4 standard uses this approach. .Framing  Manchester encoding In Manchester encoding. and 0-bits by low-high sequences. 1-bits are represented by a high-low sequence. The IEEE 802. The start/end of a frame could be represented by the signal low-low or high-high. for instance. The advantage of Manchester encoding is that no extra bandwidth is required as in bit-stuffing.

0 is represented by positive going edge Require twice the bandwidth .Manchester Encoding 1 is represented by negative going edge.

two types of error can occur: Lost frame: the frame fails to arrive at the receiver. This may be due to a noise burst destroying the frame beyond recognition Damaged frame: A recognizable frame arrives at the receiver but some bits are in error .Error Control SENDER Frame #n … Frame #2 Frame #1 RECEIVER When data is sent as a sequence of frames.

Error Control Error control is concerned with insuring that all frames are eventually delivered (possibly in order) to a destination. This is nothing more than a hint to the sender so that it can retransmit a frame right away without waiting for a timer to expire. the receiver also returns a negative acknowledgment (NACK) for incorrectly-received frames. How? Three items are required: (1) Acknowledgements Typically. . reliable delivery is achieved using the ``acknowledgments with retransmission'' paradigm. In some systems. whereby the receiver returns a special acknowledgment (ACK) frame to the sender indicating the correct receipt of a frame.

fails to solicit an ACK or NACK. and as a result. What happens if an ACK or NACK becomes lost? Retransmission timers are used to resend frames that don't produce an ACK. If the timer goes off. When sending a frame. How? Three items are required: (2) Timers One problem that simple ACK/NACK schemes fail to address is recovering from a frame that is lost. retransmit the frame. . schedule a timer to expire at some time after the ACK should have been returned.Error Control Error control is concerned with insuring that all frames are eventually delivered (possibly in order) to a destination.

How? Three items are required: (3) Sequence Numbers Retransmissions introduce the possibility of duplicate frames.Error Control Error control is concerned with insuring that all frames are eventually delivered (possibly in order) to a destination. so that a receiver can distinguish between new frames and old copies. add sequence numbers to each frame. To suppress duplicates. .

Each bit transmitted has a probability of being changed. They are often caused by faults in . then some of the transmitted bits will either change from 0 to 1 or from 1 to 0.Data Errors • When data is transmitted over a cable or a channel. • Random errors change bits unpredictably. These errors are often caused by thermal noise. • Burst errors change a number of bits in succession. • If errors do occur. there is always a chance that some of the bits will be changed (corrupted) due to noise. signal distortion or attenuation.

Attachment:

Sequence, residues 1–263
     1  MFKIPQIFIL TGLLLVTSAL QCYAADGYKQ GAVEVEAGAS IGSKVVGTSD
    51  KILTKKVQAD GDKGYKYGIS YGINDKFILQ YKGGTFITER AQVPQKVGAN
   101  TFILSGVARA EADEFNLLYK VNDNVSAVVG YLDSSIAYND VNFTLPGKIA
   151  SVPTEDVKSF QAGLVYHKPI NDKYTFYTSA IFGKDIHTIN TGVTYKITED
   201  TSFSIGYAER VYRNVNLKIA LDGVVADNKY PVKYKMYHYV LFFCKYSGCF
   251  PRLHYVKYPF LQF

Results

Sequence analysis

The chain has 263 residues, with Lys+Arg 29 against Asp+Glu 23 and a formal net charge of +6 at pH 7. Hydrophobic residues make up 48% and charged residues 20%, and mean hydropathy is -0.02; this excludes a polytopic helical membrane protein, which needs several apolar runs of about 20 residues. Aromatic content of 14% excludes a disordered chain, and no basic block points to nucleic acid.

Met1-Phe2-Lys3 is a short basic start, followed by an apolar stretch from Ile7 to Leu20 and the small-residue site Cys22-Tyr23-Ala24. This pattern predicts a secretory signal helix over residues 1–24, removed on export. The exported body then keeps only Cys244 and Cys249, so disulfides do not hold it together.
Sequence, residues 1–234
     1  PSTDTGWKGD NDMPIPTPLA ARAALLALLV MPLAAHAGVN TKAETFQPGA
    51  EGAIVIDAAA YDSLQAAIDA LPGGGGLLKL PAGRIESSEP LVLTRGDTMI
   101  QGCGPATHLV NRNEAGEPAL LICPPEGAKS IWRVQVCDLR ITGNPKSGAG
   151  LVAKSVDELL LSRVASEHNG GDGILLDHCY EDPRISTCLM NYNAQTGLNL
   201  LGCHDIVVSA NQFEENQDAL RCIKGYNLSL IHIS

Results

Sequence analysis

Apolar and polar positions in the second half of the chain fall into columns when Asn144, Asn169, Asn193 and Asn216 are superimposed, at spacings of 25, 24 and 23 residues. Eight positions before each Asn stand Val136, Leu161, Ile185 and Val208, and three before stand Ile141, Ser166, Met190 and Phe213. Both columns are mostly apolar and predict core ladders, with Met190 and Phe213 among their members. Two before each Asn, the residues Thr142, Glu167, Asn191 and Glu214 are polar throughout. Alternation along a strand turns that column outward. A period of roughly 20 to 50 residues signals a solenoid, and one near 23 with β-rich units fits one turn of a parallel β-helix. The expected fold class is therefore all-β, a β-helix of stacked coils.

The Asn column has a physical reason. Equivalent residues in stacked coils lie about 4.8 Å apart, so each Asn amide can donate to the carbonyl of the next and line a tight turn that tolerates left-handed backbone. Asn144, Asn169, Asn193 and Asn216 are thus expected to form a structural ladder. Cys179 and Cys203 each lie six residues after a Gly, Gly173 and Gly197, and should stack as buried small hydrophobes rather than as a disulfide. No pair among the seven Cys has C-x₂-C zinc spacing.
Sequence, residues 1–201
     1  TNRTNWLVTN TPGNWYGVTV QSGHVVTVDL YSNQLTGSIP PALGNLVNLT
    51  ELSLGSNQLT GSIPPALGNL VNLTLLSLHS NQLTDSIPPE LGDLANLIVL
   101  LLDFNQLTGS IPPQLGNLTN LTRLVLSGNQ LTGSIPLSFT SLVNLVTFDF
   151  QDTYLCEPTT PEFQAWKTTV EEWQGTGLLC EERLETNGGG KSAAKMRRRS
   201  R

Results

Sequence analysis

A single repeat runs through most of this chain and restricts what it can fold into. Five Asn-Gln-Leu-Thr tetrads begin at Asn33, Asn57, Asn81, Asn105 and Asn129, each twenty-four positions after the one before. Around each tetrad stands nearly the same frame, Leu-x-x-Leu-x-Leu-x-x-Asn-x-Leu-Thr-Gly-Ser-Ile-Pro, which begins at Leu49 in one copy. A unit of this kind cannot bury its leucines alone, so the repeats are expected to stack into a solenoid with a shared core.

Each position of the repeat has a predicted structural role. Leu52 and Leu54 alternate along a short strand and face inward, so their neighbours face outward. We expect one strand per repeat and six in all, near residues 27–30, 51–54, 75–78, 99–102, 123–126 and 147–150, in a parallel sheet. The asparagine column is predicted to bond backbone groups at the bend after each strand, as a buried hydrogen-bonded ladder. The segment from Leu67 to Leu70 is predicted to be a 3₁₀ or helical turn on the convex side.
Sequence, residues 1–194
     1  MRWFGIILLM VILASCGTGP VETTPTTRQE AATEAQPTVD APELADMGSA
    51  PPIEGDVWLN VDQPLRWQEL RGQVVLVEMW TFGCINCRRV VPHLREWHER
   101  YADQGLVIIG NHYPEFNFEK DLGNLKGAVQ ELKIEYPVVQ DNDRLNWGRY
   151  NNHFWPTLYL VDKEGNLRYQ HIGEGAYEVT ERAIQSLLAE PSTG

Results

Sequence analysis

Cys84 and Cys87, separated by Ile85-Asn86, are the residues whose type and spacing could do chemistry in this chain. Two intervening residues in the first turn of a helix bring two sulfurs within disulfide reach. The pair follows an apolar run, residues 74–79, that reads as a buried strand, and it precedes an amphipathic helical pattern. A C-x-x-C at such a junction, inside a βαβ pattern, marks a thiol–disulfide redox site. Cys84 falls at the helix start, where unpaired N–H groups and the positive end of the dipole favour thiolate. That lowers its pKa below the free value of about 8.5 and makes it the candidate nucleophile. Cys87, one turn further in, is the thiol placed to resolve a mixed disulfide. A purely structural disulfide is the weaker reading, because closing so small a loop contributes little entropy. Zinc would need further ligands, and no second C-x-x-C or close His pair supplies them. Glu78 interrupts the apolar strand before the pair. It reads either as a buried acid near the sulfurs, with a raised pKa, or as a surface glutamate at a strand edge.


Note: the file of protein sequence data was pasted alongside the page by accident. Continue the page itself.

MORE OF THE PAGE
Errors and Error Effect Original Waterfall Image: .

bit error rate=0.1 .Errors and Error Effect Waterfall Image: every tenth bit in error.

5 .Errors and Error Effect Waterfall Image: every other bit in error bit error rate =0.

Parity Testing .

if two bits are changed then there will still be an even number of 1s. ¯ Similarly. then an error must have occurred. if odd parity is being used but there are an even number of 1s. then an error must have occurred. • One drawback with parity testing is that if two errors occur in the same character they will not be detected. ¯ This is because if there were an even number of 1s originally. ¯ If even parity is being used but there are an odd number of 1s.Parity Testing • The receiving device can work out if a bit has been corrupted in a character by counting the number of 1s in the character and parity bit. .

Block Parity Testing .



. we will know which character and which column it has occurred in.Block Parity Testing • Now if an error occurs. Char 1: 0 1 1 0 1 1 0 1 2: 1 1 1 0 1 1 1 0 3: 0 1 1 1 0 1 0 1 4: 1 1 1 0 0 0 1 1 5: 0 0 0 1 0 1 1 0 Parity byte: 1 0 1 1 1 1 0 0 • Not only have we detected the error. but we can also correct a single bit error it by simply changing it.

¯ A checksum is usually restricted to a certain number of bits (typically 16). 47. ¯ For example. We would transmit 121. • If any errors occur during transmission then checksum for the received data will differ from the transmitted checksum. . If the checksum is longer than this then only the lower 16 bits will be transmitted. 29.Checksum Testing • Another way of checking for errors to to use a checksum. This is a number calculated from the data and sent along with the data. if the data is 121. 29 and 47 then the checksum is 214. 17. • A simple checksum can be calculated by adding all the data together. 17. 214.